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25th October 2010

Life of Pi

It has been eight years since Life of Pi was published to international critical acclaim, and won the 2002 Man Booker Prize.

It has been eight years since Life of Pi was published to international critical acclaim, and won the 2002 Man Booker Prize. Martel’s novel shot to the top spot in lists and charts, flying off the shelves in airport bookshops, later to be spotted wherever there was sea, sand and sun. Sometimes with excessive hype there is the inevitable disappointment, the feeling of dread that a book simply cannot live up to your heightened expectations. However, there are some books which somehow manage to exceed your hopes. A story which makes you forget the reason you picked it up in the first place, whisks you off, and doesn’t drop you until you’ve finished the last page. Life of Pi is such a one.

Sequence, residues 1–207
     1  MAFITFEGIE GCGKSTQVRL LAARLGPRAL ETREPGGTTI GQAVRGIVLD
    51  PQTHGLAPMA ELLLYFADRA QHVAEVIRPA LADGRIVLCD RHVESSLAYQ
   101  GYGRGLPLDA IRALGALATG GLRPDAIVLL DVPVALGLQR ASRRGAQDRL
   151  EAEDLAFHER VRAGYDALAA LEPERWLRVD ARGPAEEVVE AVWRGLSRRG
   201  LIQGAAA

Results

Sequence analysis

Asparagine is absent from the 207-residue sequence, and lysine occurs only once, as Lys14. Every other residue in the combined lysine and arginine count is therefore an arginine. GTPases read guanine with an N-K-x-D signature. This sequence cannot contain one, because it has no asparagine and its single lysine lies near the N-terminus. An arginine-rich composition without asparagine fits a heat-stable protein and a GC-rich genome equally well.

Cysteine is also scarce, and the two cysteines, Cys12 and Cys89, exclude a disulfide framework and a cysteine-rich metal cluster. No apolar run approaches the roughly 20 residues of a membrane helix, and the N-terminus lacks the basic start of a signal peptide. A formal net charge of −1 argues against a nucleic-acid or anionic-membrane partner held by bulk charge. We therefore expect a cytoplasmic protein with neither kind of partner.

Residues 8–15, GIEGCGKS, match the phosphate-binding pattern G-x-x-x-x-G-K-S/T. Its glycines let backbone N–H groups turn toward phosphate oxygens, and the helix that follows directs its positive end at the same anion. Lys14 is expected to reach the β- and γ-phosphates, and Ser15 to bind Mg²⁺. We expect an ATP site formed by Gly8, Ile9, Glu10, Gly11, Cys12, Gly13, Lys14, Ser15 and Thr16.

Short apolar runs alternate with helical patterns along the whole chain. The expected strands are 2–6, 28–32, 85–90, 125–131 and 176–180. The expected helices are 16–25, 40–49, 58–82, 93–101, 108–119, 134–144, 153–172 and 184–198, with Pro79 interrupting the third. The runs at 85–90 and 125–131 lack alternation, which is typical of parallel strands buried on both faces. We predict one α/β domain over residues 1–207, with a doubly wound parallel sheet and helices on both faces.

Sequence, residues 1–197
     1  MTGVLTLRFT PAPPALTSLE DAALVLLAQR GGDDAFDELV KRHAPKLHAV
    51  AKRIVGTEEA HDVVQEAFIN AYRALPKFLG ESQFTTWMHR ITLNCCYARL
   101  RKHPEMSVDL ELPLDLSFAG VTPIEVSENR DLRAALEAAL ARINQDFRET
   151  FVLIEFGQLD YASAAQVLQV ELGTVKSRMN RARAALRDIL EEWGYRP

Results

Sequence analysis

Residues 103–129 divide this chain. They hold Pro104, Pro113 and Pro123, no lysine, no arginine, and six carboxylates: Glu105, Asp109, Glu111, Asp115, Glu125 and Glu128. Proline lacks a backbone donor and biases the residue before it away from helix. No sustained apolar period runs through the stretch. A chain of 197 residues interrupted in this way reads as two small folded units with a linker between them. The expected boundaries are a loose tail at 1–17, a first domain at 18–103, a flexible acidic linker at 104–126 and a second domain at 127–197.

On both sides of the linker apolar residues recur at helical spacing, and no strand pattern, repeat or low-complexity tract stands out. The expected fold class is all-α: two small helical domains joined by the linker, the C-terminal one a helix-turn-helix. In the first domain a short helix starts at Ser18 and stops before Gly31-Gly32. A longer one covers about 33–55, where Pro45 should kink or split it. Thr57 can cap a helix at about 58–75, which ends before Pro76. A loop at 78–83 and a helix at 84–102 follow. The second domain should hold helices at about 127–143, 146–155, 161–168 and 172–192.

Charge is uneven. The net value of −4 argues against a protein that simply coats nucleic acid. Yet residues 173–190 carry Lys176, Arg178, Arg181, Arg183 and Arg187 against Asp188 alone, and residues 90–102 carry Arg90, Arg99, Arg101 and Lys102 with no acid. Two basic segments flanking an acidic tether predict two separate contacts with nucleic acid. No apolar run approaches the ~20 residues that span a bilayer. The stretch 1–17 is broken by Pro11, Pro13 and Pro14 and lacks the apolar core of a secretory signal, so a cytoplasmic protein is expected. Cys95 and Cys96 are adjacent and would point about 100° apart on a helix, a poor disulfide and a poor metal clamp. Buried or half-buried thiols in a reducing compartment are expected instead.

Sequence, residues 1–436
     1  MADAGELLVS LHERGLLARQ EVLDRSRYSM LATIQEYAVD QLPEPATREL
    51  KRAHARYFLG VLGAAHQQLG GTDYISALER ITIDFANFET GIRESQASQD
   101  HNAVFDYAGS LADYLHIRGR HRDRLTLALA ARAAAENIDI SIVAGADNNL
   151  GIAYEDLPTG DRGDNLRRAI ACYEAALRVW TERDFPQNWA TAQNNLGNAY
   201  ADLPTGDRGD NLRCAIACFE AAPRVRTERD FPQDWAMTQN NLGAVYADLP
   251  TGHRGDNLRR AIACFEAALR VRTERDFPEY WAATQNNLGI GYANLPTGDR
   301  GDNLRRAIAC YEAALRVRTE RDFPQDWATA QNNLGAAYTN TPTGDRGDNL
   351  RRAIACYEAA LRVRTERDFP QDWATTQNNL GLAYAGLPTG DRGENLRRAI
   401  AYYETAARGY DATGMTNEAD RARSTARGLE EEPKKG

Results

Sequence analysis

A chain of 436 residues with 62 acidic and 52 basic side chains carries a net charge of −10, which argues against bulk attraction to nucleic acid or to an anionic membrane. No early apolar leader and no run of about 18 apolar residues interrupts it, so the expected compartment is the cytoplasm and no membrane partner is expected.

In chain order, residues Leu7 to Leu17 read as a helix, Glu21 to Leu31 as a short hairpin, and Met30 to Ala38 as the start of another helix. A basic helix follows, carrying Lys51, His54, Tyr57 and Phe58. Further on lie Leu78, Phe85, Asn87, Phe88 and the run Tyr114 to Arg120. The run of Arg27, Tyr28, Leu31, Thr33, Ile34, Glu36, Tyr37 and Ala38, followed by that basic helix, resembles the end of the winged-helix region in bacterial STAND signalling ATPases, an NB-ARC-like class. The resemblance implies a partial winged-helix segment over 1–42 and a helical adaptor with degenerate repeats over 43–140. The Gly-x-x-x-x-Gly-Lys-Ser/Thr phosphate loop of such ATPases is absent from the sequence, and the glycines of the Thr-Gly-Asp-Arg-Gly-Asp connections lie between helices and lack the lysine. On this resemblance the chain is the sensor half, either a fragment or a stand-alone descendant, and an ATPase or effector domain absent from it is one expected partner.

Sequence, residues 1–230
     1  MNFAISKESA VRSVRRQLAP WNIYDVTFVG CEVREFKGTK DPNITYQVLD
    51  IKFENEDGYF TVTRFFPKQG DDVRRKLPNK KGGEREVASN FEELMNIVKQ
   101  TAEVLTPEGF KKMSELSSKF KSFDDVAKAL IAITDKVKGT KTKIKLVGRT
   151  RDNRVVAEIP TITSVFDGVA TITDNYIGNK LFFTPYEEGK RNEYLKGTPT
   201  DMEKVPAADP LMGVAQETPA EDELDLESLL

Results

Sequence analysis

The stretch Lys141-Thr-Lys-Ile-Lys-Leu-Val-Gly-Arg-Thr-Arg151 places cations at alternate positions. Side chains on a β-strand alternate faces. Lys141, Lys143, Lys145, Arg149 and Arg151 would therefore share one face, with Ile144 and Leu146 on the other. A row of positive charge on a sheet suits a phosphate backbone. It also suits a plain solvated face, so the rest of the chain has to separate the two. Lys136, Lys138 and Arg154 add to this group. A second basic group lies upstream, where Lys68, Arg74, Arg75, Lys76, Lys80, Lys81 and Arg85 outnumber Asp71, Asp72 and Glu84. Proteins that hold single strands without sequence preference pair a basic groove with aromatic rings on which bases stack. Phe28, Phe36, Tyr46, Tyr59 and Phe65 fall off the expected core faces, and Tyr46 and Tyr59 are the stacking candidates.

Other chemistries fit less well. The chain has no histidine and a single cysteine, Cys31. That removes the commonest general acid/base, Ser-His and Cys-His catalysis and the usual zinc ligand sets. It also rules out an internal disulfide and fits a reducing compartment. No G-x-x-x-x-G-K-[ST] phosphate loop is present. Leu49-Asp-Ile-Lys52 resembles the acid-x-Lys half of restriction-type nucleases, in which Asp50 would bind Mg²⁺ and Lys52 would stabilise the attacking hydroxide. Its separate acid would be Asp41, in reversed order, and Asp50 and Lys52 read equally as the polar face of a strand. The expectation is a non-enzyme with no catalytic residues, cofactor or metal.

Suspending your disbelief is a relatively important factor when reading the synopsis, but as with all fantastic novels, this is usually done for you with no conscious effort on your part. We spend the majority of the book on a boat, drifting about the Pacific Ocean with a sixteen year old Indian boy, a hyena, a zebra, an orang-utan and a Bengal tiger. Stranded, after the cargo ship they were travelling aboard was destroyed in a storm, Pi is forced to co-habit with animals in possession of ever-growing appetites. As he fights hunger, thirst and delirium, the conviction of Martel’s writing ensures the reader is never left questioning the ridiculousness of the situation. The book ends on a marvellous twist, which, as all good twists do, alters your entire perception of the novel up to that point. A modern masterpiece.


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